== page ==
Cheryl Heisey was diagnosed with myelodysplastic syndrome (MDS), a type of bone marrow failure, in 2006. Ten years earlier, this busy wife and mother had successfully recovered from non-Hodgkin's lymphoma following a bone marrow transplant in which she served as her own donor. The MDS was a late side effect of her lymphoma treatments. Her only chance of surviving MDS was a second transplant, this time an allogeneic transplant from a matched donor. In November 2006 she received a peripheral blood stem cell transplant at Duke University Hospital. She is now learning to live with the chronic Graft-Versus-Host Disease (GVHD) she developed 6 months after this transplant and, while she must take special precautions to avoid infections and manage her GVHD symptoms, she looks forward to many more days with her husband and daughter. Of the care she has received, Cheryl said, "I'm forever grateful for the excellent care and support I receive both from my medical teams and from my family and friends and for the gift of life from my donor."
Since her bone marrow failure diagnosis, Cheryl, who holds a Ph.D. in chemistry, has been unable to return to work, but her life is bustling with volunteer opportunities and family activities. An enthusiastic ambassador of The Leukemia & Lymphoma Society, Virginia Chapter, she is immersed in their fundraising and advocacy efforts to raise awareness of blood cancers, fund research, and help patients and their families. BMT InfoNet featured Dr. Heisey as a sponsored transplant survivor in its 2010 calendar, Celebrating Life. She is an ardent supporter of both the National Marrow Donor Program's "Be The Match" Foundation and the Aplastic Anemia & MDS International Foundation, championing their efforts to help patients and their families.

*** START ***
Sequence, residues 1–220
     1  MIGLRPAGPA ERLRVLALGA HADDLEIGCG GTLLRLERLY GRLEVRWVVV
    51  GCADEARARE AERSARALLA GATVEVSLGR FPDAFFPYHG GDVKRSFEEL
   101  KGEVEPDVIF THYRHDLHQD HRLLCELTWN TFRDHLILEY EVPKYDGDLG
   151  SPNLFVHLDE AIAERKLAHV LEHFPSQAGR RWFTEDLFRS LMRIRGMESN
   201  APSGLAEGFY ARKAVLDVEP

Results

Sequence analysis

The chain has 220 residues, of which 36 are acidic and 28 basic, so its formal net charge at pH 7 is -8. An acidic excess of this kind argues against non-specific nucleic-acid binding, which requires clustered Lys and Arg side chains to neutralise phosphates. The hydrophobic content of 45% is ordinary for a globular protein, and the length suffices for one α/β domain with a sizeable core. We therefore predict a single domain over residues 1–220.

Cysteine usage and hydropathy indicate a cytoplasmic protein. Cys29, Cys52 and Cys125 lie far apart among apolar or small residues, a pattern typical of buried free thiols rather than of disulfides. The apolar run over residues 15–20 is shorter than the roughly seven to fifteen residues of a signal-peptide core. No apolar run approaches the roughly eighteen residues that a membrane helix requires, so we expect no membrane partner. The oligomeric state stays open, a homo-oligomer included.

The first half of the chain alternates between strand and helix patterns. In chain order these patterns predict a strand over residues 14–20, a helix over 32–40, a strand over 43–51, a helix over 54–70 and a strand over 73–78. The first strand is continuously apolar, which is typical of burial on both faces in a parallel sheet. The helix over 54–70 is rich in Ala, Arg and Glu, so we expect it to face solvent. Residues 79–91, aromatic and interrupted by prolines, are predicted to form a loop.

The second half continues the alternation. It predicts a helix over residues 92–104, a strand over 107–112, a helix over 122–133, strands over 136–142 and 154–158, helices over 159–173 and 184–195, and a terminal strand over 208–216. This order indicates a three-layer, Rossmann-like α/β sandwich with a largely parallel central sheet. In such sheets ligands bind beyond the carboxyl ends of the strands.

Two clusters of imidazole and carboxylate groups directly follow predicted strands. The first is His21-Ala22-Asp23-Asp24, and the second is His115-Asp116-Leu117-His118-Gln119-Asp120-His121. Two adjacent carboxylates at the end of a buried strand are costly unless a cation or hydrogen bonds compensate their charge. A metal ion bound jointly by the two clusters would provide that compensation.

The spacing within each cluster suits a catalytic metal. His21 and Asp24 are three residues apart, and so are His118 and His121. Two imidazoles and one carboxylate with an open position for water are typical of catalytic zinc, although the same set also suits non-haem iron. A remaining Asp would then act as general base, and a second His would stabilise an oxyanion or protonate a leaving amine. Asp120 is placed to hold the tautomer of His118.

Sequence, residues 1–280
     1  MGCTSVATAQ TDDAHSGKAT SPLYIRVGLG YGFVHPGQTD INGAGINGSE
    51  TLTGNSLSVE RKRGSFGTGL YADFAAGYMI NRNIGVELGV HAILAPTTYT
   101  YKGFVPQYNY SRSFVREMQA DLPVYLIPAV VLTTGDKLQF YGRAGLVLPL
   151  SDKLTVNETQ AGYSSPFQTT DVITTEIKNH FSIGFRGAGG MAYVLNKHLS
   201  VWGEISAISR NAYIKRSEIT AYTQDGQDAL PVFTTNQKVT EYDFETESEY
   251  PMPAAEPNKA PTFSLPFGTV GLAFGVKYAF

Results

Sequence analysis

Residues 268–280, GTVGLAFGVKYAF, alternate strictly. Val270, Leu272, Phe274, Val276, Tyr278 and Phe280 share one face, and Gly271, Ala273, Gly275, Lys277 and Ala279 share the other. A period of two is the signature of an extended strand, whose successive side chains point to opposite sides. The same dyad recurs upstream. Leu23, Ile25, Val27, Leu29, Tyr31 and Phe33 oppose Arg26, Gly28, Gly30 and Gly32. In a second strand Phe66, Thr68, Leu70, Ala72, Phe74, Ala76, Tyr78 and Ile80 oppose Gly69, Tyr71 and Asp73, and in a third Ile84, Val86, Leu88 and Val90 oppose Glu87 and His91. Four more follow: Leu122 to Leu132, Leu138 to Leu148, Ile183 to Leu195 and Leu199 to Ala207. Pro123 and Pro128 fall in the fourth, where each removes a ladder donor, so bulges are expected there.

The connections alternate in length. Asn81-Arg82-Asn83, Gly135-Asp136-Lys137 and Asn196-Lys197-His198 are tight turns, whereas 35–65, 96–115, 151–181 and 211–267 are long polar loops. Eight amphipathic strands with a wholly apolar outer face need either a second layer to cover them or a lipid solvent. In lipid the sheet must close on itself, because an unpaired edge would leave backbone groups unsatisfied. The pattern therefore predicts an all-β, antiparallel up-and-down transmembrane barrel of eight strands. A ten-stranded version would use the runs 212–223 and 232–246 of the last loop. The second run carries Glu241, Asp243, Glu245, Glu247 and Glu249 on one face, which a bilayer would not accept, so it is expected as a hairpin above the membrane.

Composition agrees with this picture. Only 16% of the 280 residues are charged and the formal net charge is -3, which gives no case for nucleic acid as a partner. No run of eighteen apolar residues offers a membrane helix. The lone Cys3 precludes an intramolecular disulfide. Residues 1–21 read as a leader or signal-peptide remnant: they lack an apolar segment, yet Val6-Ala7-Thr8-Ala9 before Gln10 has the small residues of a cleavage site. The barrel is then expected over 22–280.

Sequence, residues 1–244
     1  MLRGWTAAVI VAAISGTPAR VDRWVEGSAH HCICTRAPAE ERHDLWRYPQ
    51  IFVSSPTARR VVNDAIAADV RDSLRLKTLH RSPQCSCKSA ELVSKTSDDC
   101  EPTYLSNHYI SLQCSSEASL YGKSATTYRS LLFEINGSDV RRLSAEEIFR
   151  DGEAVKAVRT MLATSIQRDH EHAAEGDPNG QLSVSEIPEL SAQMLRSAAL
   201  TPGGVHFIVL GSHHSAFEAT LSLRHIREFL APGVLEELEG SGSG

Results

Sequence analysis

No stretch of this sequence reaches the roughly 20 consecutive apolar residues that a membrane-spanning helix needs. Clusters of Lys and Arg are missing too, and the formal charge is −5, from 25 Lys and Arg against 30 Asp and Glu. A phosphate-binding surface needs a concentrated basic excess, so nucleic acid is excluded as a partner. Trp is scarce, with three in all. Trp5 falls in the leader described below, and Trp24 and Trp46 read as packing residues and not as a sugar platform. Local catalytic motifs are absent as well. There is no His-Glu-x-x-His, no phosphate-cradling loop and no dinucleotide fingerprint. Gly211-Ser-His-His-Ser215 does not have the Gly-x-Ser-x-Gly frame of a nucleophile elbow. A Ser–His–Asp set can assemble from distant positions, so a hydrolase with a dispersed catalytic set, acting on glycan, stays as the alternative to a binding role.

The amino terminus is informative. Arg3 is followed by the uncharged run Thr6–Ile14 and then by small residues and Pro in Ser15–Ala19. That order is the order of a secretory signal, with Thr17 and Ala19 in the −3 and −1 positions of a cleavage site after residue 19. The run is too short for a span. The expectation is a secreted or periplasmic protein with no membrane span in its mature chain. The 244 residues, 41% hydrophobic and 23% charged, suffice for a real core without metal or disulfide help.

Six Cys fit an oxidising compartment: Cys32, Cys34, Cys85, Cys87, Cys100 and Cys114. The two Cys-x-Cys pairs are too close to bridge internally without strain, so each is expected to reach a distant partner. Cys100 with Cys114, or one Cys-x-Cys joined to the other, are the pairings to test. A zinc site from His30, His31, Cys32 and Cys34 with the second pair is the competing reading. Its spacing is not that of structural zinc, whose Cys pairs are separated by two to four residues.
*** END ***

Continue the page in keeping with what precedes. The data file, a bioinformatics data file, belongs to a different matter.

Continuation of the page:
Cheryl first learned about the Bone Marrow Failure Research Program (BMFRP) in an online search for information on bone marrow failure. The Virginia Chapter of The Leukemia & Lymphoma Society contacted her regarding opportunities for consumer reviewers and thus began Cheryl's involvement with the BMFRP. Of this experience Cheryl says, "I am honored to participate in the BMFRP as a consumer reviewer and am very impressed by the quality of the proposals as well as the efficient and fair review process. It is a pleasure to work with the BMFRP and I have great hopes for the research they are funding. The scientific community has many innovative and exciting ideas on the underlying causes of bone marrow failure, better ways to diagnose bone marrow failure, and better treatment options. I greatly appreciate all that is being done to increase awareness of bone marrow failure disorders and to provide patients with a longer life and the best possible quality of life."